Posts Tagged With: feminism

Goddesses in our Midst

Beauty turned to stone.

I work in an office full of women.  As a woman, I can tell you there are days when I want to strangle most of them to save them from themselves, as counter-productive as that may seem.  I have lost count of the ones obsessively exercising, dieting, preening and primping in what I hope will not be a vain attempt to live up to an impossible ideal. 

On the other end of that spectrum, and likely driving the force of this irrationally compulsive behaviour are the ones who clearly don’t give one single iota about their appearance and utterly embrace their weirdness like it’s some kind of trophy.  The ones who have abandoned altogether most of the things that make them feminine.

It’s an odd dichotomy to say the least.

What I’m saying is I’m caught somewhere in the middle.  On the one hand, I end up wondering to myself hey, do the primpers see ME as one of those shlubby ones at that table as we all figure out our lunches on a given day, or do they see me in a different light altogether?  Admittedly, the more protective aspects of my ego would like to think I’m somewhat of an enigma to them, but it’s likely closer to the truth that they know me better than I’m willing to give them credit for, or even better than I sometimes know myself.  It’s certainly (and annoyingly) true of my husband, so why wouldn’t it be for these women?

There are times when I, too, am less convinced of my adequacy.  At least in this respect, I do think I am an enigma since I do enjoy, as they say, waving good bye to those inadequate feelings as they pass me by.  I do this primarily by focusing my attention on other things, usually trivial and usually so unrelated to work it would astound even my closest friends.

All I’m trying to say is that from my standpoint at least, their physical beauty seems less hard come by than my own.

But, as is my habit when presented with a question to which there is no ready answer, I have given this some thought. 

Why is it that I also feel the same way they do and they hopefully feel about me the way I feel about them?  Why can I see things in them I cannot see in myself, or vice versa?  I don’t have a regimen.  I eat, but I don’t diet aside from trying to balance what I eat from day to day to ensure too much of the same thing isn’t going into my system.  I am overweight, some would say by a lot, some by a little given the underlying framework.  Either way, I could afford to lose a few pounds and yet my last physical revealed a “fantastic” liver, such low cholesterol (the bad kind) where it was recommended I take in some fatty stuff to get it to where it should be, and despite being overweight and apparently having a lazy thyroid, I am in remarkably good shape. 

Explain that, Dr. Atkins – the cardiologist who died of heart failure…  Too soon?

But I digress.  I’ve simply concluded that we’re doing this to each other and allowing those negative thoughts to creep in because we’re so consumed with our outward appearances; that we forget that every action deserves an equal and opposite reaction.  So when one of us starts feeling inadequate and takes steps toward fixing that dilemma, the rest of us start asking ourselves if we, too, should be feeling inadequate for some reason, imagined or real.  Then we lose sight of the other truly important things in our lives.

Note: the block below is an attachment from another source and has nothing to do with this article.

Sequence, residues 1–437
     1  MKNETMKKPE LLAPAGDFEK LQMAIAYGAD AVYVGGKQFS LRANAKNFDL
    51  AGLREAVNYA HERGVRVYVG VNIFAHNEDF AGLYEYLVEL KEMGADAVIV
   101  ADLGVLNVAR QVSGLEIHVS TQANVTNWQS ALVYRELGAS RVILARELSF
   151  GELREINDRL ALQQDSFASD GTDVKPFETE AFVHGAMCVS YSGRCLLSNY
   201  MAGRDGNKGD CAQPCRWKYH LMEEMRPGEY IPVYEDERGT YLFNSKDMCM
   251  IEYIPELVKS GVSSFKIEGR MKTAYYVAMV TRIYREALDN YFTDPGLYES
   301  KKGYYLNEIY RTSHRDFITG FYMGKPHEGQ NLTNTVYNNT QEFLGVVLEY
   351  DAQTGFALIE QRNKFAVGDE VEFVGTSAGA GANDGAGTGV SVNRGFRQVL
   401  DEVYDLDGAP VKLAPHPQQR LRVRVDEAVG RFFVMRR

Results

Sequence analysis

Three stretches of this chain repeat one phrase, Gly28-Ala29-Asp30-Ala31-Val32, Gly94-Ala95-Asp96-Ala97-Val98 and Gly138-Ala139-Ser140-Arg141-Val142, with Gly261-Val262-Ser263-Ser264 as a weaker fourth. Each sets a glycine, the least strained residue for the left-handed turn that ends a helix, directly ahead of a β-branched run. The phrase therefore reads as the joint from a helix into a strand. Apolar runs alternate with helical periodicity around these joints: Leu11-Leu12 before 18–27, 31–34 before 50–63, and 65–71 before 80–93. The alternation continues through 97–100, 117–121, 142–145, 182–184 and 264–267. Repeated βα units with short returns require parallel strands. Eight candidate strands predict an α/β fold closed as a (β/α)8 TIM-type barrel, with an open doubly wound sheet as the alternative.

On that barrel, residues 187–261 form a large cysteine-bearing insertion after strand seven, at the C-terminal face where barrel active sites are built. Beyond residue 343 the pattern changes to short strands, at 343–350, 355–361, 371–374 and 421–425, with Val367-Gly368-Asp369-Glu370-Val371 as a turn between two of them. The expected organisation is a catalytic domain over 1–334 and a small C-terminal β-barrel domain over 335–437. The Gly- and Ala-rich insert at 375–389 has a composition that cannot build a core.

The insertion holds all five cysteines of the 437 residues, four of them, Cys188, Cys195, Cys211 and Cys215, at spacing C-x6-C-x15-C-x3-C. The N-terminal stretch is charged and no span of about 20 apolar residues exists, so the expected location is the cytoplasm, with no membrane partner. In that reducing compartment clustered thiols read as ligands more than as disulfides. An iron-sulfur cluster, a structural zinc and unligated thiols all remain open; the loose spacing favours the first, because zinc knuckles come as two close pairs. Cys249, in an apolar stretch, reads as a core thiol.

This is not to say that I think everyone should throw fitness and nutrition out the window.  It is merely to say that I think people should leave room for other things in their lives in addition to maintaining a healthy physical lifestyle.

Is it inherent in the female of our species to constantly question, to try to continually improve and if so, WHY?  Perhaps it’s a design flaw by Mother Nature who, as a woman, likely also became obsessed with herself and forgot about fixing her own creation, Us.

When, if ever, will we ever decide we’re fine the way we are in whatever moment we find ourselves?  Men have been telling us this for years, but all the female-driven media out there continues to bash us over the heads with new diet and exercise regimes, hair and makeup and what’s acceptable and what’s not.

Arguably the world’s foremost beauty icon, Marilyn Monroe, was by all accounts a total knockout.  But by today’s unwieldy standards, she would be grossly overweight and even morbidly obese.  Emotionally, she was a wreck and a lot of it was sadly by her own doing.  By playing into her own creation of herself, she believed in the end that her physical beauty was the only thing that was worth anything, leaving her emotional and intellectual self struggling for recognition.

Maybe our conscious minds must forcefully and ruthlessly take over our subconscious.  Maybe we have to remind ourselves that as individuals, we each have unique traits which no one else on the planet will ever lay claim.  Maybe we need to remind ourselves that we are so much more than the sums of our parts, and that the number on the tag of clothing we would like to fit into is merely subjective and unworthy of our attempts to fit into it.